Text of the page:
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Care-experienced university applicants to be given ‘guaranteed offer’

Image credit: Chris Radburn/PA

Care-experienced university applicants to be given ‘guaranteed offer’

Scotland’s 18 universities have today committed to giving care-experienced university applicants a “guaranteed” undergraduate offer, if they meet minimum entry requirements.

The guarantee is part of a collective push among universities to boost the number of looked-after students in higher education, due to a significant gap in the educational attainment.

Figures released in June revealed less than five per cent of care-experienced children went into higher education after leaving school – compared with 41 per cent of all school leavers.

The Scottish universities have agreed to define care-experienced as “anyone who has been, or is currently in care, or from a looked-after background at any stage of their life, no matter how short, including adopted children who were previously looked-after”, with no age restrictions.

The universities said it was important to recognise “the context in which care-experienced applicants have achieved the entry qualifications needed for university”.

University of St Andrews principal Professor Sally Mapstone said she hoped the commitment would encourage more looked-after people to “feel confident applying to university, knowing that their application is encouraged and will be supported”.

“This is a decisive and, I hope, catalytic step jointly taken by Scotland’s universities,” Mapstone said.

“It gives due recognition to the substantial achievement of people with experience of care who are successful in getting the grades for university having overcome very challenging circumstances at a young age.”

She said it was important that all of Scotland’s universities made the guarantee together.

“That should provide the greatest possible clarity and visibility of this change to people with care-experience wherever they live in Scotland and wherever they want to study,” Mapstone said.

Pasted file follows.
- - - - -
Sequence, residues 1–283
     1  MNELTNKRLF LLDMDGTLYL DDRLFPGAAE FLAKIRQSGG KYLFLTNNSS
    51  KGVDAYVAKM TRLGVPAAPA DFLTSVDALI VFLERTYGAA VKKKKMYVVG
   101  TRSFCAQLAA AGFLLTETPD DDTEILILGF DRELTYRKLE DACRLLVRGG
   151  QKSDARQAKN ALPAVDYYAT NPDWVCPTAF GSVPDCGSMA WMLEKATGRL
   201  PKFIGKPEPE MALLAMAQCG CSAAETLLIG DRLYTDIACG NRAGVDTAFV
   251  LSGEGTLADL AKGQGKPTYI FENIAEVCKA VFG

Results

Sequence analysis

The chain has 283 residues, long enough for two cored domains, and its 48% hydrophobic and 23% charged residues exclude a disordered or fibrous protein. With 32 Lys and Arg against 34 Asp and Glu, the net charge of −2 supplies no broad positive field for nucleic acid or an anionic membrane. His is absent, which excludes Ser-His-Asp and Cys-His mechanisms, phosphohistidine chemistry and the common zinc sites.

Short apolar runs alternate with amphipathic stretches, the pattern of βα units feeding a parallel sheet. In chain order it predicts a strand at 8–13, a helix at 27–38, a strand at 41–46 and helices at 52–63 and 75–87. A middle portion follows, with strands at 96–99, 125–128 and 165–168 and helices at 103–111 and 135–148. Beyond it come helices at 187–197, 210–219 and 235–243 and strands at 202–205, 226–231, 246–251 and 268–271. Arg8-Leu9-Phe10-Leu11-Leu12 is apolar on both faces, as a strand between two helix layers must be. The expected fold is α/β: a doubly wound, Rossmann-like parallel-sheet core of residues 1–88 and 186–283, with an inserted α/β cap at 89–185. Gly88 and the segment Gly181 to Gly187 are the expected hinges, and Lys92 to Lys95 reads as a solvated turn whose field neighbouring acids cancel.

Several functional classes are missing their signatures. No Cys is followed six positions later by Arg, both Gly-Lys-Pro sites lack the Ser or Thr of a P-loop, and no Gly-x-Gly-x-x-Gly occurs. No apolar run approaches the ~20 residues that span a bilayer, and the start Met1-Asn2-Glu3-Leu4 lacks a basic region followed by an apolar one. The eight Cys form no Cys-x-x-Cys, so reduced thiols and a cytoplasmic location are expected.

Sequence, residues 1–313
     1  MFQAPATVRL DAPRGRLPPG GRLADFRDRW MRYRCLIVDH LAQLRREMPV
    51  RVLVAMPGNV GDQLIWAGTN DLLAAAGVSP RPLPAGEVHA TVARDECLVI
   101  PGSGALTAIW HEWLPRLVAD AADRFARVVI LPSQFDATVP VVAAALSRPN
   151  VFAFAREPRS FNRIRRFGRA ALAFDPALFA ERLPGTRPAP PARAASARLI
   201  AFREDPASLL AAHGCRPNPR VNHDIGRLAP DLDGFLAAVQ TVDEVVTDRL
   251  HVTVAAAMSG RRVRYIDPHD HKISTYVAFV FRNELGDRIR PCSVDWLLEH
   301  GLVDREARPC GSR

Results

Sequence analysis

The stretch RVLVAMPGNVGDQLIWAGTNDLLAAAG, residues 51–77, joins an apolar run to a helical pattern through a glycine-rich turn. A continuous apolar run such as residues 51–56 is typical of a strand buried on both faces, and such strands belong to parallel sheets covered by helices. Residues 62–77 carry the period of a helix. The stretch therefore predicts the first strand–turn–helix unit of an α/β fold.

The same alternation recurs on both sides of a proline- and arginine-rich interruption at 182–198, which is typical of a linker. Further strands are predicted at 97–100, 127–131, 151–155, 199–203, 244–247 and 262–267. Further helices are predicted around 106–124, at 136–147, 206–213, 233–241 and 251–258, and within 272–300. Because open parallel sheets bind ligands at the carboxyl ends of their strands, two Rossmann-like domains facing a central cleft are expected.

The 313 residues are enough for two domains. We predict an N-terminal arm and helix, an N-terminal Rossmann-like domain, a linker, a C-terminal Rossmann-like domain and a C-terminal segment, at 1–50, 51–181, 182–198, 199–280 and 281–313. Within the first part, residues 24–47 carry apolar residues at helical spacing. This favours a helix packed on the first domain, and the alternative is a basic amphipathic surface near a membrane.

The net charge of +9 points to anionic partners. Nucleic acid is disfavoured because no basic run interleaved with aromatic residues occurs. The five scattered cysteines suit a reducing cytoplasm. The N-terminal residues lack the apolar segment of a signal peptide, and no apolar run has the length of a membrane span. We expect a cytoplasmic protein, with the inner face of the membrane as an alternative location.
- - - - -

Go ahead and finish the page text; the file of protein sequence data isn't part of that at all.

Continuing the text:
“We’re not aware that any other university sector guarantee offers to care-experienced learners in this way, and we hope it contributes to the Independent Care Review’s ambition of making Scotland the best place in the world to grow up.”

Who Cares? Scotland chief executive Duncan Dunlop said the guarantee recognised the barriers care-experienced people faced in accessing higher education.

“The fact that the guaranteed offer has no upper age limit demonstrates a commitment by universities to seek out ways to support care-experienced learners beyond the statutory requirement of age 26,” he said.

Dunlop said the success of the offer would “not solely lie with individual institutions doing the right thing by care-experienced people”.

“It will require a whole sector approach that sees corporate parents understanding the guaranteed offer, signposting university as a valid option and supporting care-experienced people through the process to apply and succeed,” he said.

The announcement was made during a Glasgow Caledonian University event today, with support from First Minister Nicola Sturgeon, the principals of Glasgow Caledonian University and the University of St Andrews.

Sturgeon “warmly” welcomed the universities’ collective commitment.

“Education is by far the most effective means we have of improving the life chances of our young people,” Sturgeon said.

“I am firmly committed to widening access to higher education and ensuring that all learners, regardless of their background, have an equal chance of entering university.

“It is important that every young person has access to the learning that will provide them with the skills and qualifications they need to meet their aspirations and succeed in life.”

The guarantee comes after universities agreed to set new minimum entry requirements earlier this year, which will apply to care-experienced applicants and those living within the most deprived 20 per cent of Scotland.

Scottish Labour education spokesperson Iain Gray said: “Far more must be done to ensure equality of access to university for care-experienced young people.”

“Only 4.5 per cent of care-experienced school leavers went into higher education last year – and the government doesn’t even know how many of these were at university,” Gray said.

“Ministers must now also step up to the plate and raise the Care Experienced Student Bursary to match the living wage to ensure all the support that is needed is there for these young people during their studies.”

Scotland has 19 universities, however the commitment does not include Open University in Scotland, "as it does not have conventional entry requirements like other universities and so does not need to take this step to support access".




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